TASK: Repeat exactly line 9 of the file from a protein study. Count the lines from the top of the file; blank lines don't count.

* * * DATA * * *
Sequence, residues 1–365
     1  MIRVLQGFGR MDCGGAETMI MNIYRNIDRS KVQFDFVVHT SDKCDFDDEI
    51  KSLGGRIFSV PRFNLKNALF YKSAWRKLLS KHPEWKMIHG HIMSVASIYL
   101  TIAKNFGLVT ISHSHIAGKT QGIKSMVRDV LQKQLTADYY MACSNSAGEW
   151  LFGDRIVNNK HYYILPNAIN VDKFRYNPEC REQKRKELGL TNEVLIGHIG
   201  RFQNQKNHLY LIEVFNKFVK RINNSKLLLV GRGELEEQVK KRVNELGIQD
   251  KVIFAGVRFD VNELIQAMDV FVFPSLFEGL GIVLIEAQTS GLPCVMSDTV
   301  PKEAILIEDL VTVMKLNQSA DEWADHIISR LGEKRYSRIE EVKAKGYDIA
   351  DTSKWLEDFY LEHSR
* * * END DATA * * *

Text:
   351  DTSKWLEDFY LEHSR